Background: The combination of asthma and chronic obstructive pulmonary disease (COPD), or ACOS is a recently defined syndrome. The epidemiology of the condition is poorly described and previous research has suggested ACOS is associated with worse outcomes than either condition alone. We therefore decided to complete a systematic review of the published literature.
Methods: This review was conducted in accordance with the Preferred Reporting Items for Systematic Reviews and Meta- Analyses guidelines. A structured search was performed in the PubMed, Embase, and Medline databases up to Feb 2015 to identify studies reporting incidence, prevalence, health care utilization, morbidity, or mortality in COPD and asthma.
Results: A total of 19 studies were included in the present study. The pooled prevalence of overlap among COPD was 27% (95% CI: 0.16-0.38, p<0.0001) and 28% (95% CI: 0.09-0.47, p = 0.0032) in the population and hospital-based studies, respectively. We found no significant difference between ACOS and COPD in terms of gender, smoking status, lung function and 6mWD. However, in comparison to subject with only COPD, ACOS subjects were significantly younger, had higher BMI, healthcare utilization, and lower HRQoL.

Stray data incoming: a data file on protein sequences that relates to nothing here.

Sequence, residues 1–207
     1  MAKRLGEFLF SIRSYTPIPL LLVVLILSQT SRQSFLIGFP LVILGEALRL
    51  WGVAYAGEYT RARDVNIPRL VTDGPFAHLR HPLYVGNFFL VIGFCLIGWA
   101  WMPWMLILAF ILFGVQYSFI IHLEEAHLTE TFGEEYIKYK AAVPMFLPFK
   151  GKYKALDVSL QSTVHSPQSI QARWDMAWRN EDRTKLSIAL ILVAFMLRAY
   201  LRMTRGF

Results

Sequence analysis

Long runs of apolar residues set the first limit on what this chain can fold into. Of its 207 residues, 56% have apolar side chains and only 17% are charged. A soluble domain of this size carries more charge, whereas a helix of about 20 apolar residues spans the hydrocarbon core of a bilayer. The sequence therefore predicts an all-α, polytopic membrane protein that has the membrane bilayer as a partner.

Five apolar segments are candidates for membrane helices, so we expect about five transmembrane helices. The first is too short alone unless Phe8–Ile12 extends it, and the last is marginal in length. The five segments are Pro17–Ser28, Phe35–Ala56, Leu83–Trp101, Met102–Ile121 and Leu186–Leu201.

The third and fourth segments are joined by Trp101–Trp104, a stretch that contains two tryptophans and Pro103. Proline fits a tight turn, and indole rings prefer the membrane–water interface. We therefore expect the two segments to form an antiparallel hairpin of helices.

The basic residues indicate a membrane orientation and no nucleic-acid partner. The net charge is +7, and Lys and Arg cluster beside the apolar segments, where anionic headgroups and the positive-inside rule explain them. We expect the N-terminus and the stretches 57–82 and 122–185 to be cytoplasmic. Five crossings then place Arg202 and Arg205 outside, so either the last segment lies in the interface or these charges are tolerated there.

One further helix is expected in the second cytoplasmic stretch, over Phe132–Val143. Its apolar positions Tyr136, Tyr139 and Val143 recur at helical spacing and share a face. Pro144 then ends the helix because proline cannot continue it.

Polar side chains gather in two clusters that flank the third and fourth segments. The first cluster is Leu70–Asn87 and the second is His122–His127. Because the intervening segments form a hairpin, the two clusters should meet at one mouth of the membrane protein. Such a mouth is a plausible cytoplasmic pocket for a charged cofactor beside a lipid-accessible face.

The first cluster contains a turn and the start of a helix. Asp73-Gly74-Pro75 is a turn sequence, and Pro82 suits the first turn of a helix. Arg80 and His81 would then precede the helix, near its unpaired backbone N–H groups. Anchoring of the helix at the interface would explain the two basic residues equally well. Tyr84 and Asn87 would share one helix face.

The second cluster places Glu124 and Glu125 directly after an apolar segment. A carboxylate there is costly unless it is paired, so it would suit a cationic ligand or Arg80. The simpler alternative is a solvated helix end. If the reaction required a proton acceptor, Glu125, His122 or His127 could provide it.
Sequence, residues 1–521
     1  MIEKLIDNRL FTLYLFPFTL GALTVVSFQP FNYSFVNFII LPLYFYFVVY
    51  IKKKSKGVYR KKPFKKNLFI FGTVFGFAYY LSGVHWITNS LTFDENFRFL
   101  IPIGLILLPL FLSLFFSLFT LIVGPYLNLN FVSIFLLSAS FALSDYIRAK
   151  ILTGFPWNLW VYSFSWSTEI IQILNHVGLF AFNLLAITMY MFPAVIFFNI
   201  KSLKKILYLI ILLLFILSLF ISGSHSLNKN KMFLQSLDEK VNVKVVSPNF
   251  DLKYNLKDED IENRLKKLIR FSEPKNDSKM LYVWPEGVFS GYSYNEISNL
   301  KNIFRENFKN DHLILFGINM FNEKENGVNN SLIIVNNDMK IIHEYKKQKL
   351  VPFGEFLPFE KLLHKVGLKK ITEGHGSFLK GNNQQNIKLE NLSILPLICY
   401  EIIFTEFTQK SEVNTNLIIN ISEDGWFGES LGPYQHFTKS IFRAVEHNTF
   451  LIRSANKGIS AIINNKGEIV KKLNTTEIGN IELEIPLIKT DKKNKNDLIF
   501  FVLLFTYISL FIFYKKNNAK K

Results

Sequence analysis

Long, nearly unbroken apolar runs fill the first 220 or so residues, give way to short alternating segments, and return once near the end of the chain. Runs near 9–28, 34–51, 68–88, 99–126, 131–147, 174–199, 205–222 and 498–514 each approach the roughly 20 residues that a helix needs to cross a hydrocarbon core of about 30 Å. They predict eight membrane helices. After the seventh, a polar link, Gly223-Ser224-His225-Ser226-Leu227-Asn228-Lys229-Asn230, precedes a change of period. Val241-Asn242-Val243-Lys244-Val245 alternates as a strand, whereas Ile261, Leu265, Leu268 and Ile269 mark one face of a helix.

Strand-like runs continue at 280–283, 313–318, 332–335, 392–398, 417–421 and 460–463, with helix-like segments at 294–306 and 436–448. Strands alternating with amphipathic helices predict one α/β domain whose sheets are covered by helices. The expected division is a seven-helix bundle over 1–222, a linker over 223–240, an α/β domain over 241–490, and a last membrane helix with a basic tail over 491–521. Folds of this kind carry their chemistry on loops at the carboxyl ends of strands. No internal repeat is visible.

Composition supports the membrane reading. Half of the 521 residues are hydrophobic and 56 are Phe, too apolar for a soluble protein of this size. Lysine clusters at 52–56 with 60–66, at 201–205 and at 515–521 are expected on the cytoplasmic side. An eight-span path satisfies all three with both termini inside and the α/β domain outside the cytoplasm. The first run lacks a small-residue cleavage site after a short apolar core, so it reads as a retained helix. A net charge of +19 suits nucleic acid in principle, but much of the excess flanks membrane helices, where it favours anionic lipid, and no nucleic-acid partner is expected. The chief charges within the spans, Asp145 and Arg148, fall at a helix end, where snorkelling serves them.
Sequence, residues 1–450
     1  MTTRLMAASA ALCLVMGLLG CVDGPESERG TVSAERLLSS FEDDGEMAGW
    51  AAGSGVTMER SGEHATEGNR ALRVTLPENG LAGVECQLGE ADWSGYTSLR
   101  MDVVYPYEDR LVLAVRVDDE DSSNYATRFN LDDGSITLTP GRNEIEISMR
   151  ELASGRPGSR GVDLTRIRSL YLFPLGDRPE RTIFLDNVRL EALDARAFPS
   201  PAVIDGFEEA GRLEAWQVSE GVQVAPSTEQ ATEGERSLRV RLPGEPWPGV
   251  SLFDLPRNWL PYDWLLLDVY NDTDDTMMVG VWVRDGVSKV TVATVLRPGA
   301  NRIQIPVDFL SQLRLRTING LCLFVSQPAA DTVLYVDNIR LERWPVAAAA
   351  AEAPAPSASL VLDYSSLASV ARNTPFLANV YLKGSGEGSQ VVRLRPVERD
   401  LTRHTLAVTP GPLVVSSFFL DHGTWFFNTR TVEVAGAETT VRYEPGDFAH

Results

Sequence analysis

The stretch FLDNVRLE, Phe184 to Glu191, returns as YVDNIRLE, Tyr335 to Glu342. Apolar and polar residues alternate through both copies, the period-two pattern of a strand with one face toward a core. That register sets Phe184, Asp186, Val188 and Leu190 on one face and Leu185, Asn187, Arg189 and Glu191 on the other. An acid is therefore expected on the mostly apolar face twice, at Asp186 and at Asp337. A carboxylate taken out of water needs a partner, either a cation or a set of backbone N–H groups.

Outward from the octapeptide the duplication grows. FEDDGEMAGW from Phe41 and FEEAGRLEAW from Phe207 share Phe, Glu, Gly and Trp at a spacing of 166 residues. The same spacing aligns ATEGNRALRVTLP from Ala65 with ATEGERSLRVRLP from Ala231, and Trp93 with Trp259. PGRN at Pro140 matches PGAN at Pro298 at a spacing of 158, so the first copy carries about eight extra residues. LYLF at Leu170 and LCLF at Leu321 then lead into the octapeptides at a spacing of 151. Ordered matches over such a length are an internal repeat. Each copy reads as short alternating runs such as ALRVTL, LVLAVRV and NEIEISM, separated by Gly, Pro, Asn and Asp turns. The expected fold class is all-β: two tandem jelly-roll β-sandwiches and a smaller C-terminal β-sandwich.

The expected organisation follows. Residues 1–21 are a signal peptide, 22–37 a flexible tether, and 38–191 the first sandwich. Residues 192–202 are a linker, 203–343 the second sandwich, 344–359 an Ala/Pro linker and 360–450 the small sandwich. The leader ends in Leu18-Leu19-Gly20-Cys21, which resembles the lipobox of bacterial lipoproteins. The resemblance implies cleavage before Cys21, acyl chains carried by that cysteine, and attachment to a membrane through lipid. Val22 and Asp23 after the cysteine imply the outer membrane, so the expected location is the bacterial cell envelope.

Conclusion: ACOS is a common condition that exists in a substantial proportion of subjects with COPD. ACOS represents a distinct clinical phenotype with more frequent exacerbations, hospitalization, worse health-related quality of life, and higher healthcare costs than either disease alone. There is a critical need to better define the management and treatment of this syndrome.